A lower than theoretically expected increase in leaf photosynthesis with long‐term elevation of carbon dioxide concentration ((CO2)) is often attributed to limitations in the capacity of the plant to utilize the additional photosynthate, possibly resulting from restrictions in rooting volume, nitrogen supply or genetic constraints. Field‐grown, nitrogen‐fixing soybean with indeterminate flowering might therefore be expected to escape these limitations. Soybean was grown from emergence to grain maturity in ambient air (372 µmol mol−1(CO2)) and in air enriched with CO2 (552 µmol mol−1(CO2)) using Free‐Air CO2 Enrichment (FACE) technology. The diurnal courses of leaf CO2 uptake (A) and stomatal conductance (gs) for upper canopy leaves were followed throughout development from the appearance of the first true leaf to the completion of seed filling. Across the growing season the daily integrals of leaf photosynthetic CO2 uptake (A′) increased by 24.6% in elevated (CO2) and the average mid‐day gs decreased by 21.9%. The increase in A′ was about half the 44.5% theoretical maximum increase calculated from Rubisco kinetics. There was no evidence that the stimulation of A was affected by time of day, as expected if elevated (CO2) led to a large accumulation of leaf carbohydrates towards the end of the photoperiod. In general, the proportion of assimilated carbon that accumulated in the leaf as non‐structural carbohydrate over the photoperiod was small (< 10%) and independent of (CO2) treatment. By contrast to A′, daily integrals of PSII electron transport measured by modulated chlorophyll fluorescence were not significantly increased by elevated (CO2). This indicates that A at elevated (CO2) in these field conditions was predominantly ribulose‐1,5‐bisphosphate (RubP) limited rather than Rubisco limited. There was no evidence of any loss of stimulation toward the end of the growing season; the largest stimulation of A′ occurred during late seed filling. The stimulation of photosynthesis was, however, transiently lost for a brief period just before seed fill. At this point, daytime accumulation of foliar carbohydrates was maximal, and the hexose:sucrose ratio in plants grown at elevated (CO2) was significantly larger than that in plants grown at current (CO2). The results show that even for a crop lacking the constraints that have been considered to limit the responses of C3 plants to rising (CO2) in the long term, the actual increase in A over the growing season is considerably less than the increase predicted from theory.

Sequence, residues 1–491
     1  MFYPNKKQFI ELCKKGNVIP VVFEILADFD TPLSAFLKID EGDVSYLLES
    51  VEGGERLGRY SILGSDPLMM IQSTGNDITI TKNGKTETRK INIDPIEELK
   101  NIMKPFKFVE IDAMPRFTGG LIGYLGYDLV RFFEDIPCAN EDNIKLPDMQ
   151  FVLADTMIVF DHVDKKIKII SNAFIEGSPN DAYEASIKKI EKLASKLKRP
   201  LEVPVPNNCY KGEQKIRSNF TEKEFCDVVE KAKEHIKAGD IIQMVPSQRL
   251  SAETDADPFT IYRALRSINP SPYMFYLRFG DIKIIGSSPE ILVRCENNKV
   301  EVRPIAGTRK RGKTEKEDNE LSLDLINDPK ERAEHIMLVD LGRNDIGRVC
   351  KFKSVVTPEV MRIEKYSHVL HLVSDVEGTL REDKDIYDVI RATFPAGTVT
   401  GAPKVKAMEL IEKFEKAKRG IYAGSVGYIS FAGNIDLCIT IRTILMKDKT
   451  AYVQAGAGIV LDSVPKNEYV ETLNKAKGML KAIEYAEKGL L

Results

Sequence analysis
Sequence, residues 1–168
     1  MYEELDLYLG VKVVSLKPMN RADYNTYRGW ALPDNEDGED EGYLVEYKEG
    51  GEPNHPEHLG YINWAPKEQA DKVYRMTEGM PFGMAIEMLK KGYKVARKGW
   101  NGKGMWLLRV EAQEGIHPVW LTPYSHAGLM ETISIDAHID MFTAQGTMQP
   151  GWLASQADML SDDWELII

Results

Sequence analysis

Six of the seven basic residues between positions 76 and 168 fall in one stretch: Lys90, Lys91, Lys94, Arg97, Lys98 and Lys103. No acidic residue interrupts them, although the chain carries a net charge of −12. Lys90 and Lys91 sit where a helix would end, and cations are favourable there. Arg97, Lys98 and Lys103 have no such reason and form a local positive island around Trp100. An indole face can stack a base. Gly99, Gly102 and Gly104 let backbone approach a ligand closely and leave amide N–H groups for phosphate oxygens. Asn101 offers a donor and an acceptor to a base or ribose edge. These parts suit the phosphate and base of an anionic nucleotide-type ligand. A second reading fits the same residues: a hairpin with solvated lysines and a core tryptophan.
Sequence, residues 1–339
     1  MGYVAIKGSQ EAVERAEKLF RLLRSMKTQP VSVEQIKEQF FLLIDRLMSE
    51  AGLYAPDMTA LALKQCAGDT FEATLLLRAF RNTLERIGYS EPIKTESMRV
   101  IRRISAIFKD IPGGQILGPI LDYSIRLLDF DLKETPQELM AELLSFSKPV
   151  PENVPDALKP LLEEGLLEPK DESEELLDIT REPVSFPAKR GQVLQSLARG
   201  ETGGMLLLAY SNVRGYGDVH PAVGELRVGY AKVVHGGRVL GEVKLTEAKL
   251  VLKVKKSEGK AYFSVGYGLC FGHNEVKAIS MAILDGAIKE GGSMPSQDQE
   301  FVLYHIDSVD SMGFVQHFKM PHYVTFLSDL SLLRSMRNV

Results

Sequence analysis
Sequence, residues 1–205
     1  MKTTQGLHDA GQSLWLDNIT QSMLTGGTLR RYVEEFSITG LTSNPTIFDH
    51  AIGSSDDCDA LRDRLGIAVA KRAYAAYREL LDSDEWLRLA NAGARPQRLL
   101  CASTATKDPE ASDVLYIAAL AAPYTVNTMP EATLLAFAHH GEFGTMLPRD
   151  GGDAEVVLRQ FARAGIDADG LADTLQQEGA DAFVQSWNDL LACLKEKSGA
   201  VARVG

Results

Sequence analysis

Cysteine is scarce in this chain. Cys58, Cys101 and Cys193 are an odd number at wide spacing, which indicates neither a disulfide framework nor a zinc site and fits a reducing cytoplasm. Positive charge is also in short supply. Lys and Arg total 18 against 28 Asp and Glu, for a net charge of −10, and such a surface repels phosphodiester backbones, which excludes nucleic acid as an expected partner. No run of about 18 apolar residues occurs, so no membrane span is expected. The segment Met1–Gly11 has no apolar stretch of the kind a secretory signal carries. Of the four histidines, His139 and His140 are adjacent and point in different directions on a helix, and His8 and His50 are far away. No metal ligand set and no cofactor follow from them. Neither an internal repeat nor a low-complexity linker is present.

Plant Cell & Environment – Wiley
Published: Apr 1, 2004
It’s your single place to instantly
discover and read the research
that matters to you.
Enjoy affordable access to
over 18 million articles from more than
15,000 peer-reviewed journals.
All for just $49/month
Query the DeepDyve database, plus search all of PubMed and Google Scholar seamlessly
Save any article or search result from DeepDyve, PubMed, and Google Scholar... all in one place.
Get unlimited, online access to over 18 million full-text articles from more than 15,000 scientific journals.
Read from thousands of the leading scholarly journals from SpringerNature, Elsevier, Wiley-Blackwell, Oxford University Press and more.
All the latest content is available, no embargo periods.
“Hi guys, I cannot tell you how much I love this resource. Incredible. I really believe you've hit the nail on the head with this site in regards to solving the research-purchase issue.”Daniel C.
“Whoa! It’s like Spotify but for academic articles.”@Phil_Robichaud
“I must say, @deepdyve is a fabulous solution to the independent researcher's problem of #access to #information.”@deepthiw
“My last article couldn't be possible without the platform @deepdyve that makes journal papers cheaper.”@JoseServera